Karla was curious: CAR T cell therapy meant that she did not have to ask someone for their cells; she would have her own cells back.

They also talked about the possible side effects that are life-threatening or fatal, including cytokine release syndrome and neurologic toxicity, as well as other common side effects, including fever, low white or red blood cells, severe diarrhea, or severe nausea.

See additional Breyanzi Important Safety Information.

While Karla’s daughter thought that choosing CAR T cell therapy was a “no-brainer,” Karla was on the cusp. She had questions. She wasn’t sure.

After careful consideration, Karla and her doctor felt Breyanzi was the right choice for her. Once the decision was made, things moved forward quickly.

Things got interesting on treatment day

Karla was looking forward to what she hoped would be her second, and last, line of treatment.

“Up to this point, you’re getting ready for it. You're preparing your body to receive treatment. And, oh my gosh, that day of getting those cells injected was when it got really interesting because you think, okay, this is it. It was a very exciting time.”

Karla stayed in the hospital after treatment to be monitored in case she experienced side effects. Her healthcare team took her temperature and monitored her bloodwork closely. Side effects with Breyanzi treatment will vary from patient to patient. Breyanzi can cause side effects that may be life-threatening and can lead to death, such as cytokine release syndrome and neurologic toxicities. Because of the risk of cytokine release syndrome, neurologic toxicity, and other side effects, patients like Karla must remain at, or close to, where they received treatment for at least 4 weeks after the infusion for side effect monitoring.

Accepting help with gratitude

For Karla, one of the hardest parts of treatment was to be cared for by others. However, she was so thankful for the support, especially what she received not long after her infusion.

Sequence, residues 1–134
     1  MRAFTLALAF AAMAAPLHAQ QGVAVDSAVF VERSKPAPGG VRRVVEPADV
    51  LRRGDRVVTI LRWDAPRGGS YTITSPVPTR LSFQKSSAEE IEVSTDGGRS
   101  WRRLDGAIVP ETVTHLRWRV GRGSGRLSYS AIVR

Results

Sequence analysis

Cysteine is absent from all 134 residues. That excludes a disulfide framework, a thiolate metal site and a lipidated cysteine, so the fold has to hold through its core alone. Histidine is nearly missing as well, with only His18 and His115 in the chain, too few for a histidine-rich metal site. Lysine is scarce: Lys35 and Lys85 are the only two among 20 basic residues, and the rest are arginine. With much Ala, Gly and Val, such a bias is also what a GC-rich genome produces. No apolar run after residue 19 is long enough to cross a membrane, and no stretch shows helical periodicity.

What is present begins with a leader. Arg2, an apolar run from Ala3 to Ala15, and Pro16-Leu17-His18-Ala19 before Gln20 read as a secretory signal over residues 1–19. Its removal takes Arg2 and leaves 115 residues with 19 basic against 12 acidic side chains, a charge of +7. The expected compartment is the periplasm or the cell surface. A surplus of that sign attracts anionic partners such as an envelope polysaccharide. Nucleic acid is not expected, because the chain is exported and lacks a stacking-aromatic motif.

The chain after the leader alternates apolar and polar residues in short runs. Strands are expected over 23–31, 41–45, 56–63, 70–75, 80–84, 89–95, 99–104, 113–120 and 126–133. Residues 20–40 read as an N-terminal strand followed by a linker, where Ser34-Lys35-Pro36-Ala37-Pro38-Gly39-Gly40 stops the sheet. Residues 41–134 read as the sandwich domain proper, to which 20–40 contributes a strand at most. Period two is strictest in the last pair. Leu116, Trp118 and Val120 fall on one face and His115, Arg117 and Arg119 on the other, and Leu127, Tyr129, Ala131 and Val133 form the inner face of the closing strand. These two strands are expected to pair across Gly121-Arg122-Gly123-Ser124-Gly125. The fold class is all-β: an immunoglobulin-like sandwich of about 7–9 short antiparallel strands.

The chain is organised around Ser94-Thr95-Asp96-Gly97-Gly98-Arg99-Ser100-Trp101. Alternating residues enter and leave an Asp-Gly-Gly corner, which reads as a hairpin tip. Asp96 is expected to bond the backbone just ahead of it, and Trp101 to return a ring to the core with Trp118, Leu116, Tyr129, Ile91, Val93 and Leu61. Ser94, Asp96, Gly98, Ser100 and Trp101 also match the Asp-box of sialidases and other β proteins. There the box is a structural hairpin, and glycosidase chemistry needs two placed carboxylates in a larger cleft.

“Through this, I learned that when people ask if they can do something for you, you accept their help with thanks and gratitude because I know I would do the same thing for someone else.”

It was hard for me to accept it at first. Not anymore. Yes, I need help, and thank you so much!

The results were in

When Karla got her first PET scan after being treated with Breyanzi, she was excited to hear the scans were clear.

When my doctor gave me my results, I was beaming ear to ear. We were so happy.

Now, nearly 2 years after treatment with Breyanzi, Karla is still free from treatments for lymphoma.

While the scans Karla gets every 6 months show that she is in remission, it does not mean she’s cancer free. Karla continues to be monitored for possible disease recurrence and long-term side effects from CAR T cell therapy.

Today, it’s about the little things

Karla says she’s a homebody who loves her home, yard, and doing things with her family. For her, it’s about doing the little things: being with her family and watching them grow and thrive.

I look forward to every little thing I do—every little thing. I'm going to make brownies today. What do you think about that?


Karla wants others to talk with their doctor about Breyanzi

Although results will vary from person to person, Karla urges others to talk to their doctors about Breyanzi to see if this treatment approach may be right for them.

Breyanzi gave me so much hope. It opened up a future. And that sounded pretty darn good to me.